"Red and Black."
Karris said, "... the university la not going to turn over
any money to the 'Red and
Black" unless the editors
change their policy."
WEEK goes to Harris who
said that if "those sissies"
would spend their time playing football they wouldn't get
mixed up in things "that
weren't their business."
Annie And Pogo
Don't know about you but I sincerely believe that our comic
strips are due for a complete overhaul. Since one of those
"nation-wide surveys" has proved beyond a shadow of a doubt
that the comic page is the most widely-read page of your daily
newspaper, I think you'll agree with me (although I don't particularly care if you don't) that Alley Oop and Rex Morgan
M.D. should be brought up to snuff.
Already I hear a claim from the back row that our funny
papers aren't funny. That is immaterial. In an age where an
Indiana educator can seriously claim that the story of Robin
Hood should be banned from story books because it has Communistic connotations you can't expect amy thing to be funny.
"Archie" and "The Katzenjammer Kids" can plod along ln
their medieval ignorance and mirth, but » modern comic strip,
to be successful, has to be in dead, almost sadistic earnestness.
A few corpses and a subversive plot or two don't do any harm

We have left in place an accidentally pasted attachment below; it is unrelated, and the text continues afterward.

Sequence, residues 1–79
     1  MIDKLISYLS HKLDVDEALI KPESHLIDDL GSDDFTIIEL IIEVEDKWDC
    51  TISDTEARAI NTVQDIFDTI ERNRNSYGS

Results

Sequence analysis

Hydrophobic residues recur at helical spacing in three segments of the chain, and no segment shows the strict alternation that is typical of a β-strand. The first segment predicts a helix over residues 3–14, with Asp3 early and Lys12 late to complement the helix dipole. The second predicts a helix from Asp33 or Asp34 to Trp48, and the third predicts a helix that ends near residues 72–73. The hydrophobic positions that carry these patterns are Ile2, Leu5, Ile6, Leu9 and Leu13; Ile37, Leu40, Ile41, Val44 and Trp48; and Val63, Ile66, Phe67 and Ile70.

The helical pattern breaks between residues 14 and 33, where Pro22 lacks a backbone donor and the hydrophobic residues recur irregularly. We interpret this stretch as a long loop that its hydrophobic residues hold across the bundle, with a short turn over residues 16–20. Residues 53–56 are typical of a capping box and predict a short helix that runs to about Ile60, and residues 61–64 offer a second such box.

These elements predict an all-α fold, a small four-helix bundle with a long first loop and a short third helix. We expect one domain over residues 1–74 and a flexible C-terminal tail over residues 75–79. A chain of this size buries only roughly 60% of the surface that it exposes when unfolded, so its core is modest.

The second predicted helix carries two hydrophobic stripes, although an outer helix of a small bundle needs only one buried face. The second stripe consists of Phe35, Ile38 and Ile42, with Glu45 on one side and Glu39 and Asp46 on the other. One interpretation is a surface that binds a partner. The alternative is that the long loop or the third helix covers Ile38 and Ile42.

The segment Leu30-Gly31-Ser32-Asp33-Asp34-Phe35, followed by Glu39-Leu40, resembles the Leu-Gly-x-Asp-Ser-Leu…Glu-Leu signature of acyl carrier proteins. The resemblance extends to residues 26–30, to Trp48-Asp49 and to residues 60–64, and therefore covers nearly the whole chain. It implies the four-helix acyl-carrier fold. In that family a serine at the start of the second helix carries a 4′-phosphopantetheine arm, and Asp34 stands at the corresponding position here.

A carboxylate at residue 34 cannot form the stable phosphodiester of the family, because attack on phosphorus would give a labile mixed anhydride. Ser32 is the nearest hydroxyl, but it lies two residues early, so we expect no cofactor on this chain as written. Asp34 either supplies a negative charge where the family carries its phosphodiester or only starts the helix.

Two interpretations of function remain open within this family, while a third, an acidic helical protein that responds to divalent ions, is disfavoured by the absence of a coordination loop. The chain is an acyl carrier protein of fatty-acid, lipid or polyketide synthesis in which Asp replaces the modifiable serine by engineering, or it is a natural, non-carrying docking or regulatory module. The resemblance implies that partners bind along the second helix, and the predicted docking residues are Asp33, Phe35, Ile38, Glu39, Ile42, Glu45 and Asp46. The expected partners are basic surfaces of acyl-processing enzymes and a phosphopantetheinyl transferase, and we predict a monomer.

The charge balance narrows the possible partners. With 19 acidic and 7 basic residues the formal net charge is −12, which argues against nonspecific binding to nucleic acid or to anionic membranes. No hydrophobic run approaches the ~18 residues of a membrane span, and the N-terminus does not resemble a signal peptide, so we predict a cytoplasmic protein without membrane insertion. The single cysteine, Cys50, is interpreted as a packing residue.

Of course there is Pogo, but there are more people who
think Pogo is childish drivel than think Albert and Co. is funny.
They're idiots, of course, these people, but they're in the
majority. And isn't that what counts?
Annie, Sandy ond Tht Asp
When you come to think of it, Al Capp, Stan Freberg and
Walt Kelly, the mastermind behind Ppgo, Churchy La Femme
and LU Grundoon, are the only people who are keeping the
Excited States of America from popping its collective marbles.
Without these three, with an assist from Abe Burrows and
Eartha Kitt, the US would crack up in a cloud of sub-committees
and television sets.
Well, to get back to the. subject, let's start with Little
Orphan Annie, the most repulsive little brat who ever breathed
democracy's sweet air. Aside from the fact that the little faker
refuses to grow up, a fact that aggravates my rheumatism, I
would gladly give my master-key to the women's dorms just to
see someone really clobber that red-haired little stinker. I have
a beautiful dream, nights after coming home from my canned-
heat hideout under the Georgia street viaduct, in which Annie
is forced to elope with a no-good Applied Science student and
meets her bitter end on a cockroach-infested bed in a Kansas
City Salvation Army home.
Daddy Sawbucks, in my dream, turns out to be Igor Oou-
zenko's brother-in-law (before the Reformation) and is shot for
smuggling hernias across the Saskatchewan-North Dakota
border. Meanwhile Punjab gets stetfed to the eyeballs on fermented jungle-juice, goes berserk ln Macy's bargain basement
and kills nine women shoppers before he is finally beheaded by
The Asp, who is a dope-peddler for Mandrake the Magician,
another of my pet slobs. The Asp is then bitten by Sandy, who
is rabid with rabies.
Does Sandy Speak German?
Now we finally get to Sandy. I like some dogs but that big
refugee from a brandy cask in the Alps is a traitor to man's
best friend. He is the most illiterate dog I have ever seen.
All he ever says is that damn "Arf." Every time Annie, in all her
pre-puberty innocence, shouts "Hark!" Sandy gives that Victor
Mature smile and grunts "Arf." There is a. possibility that he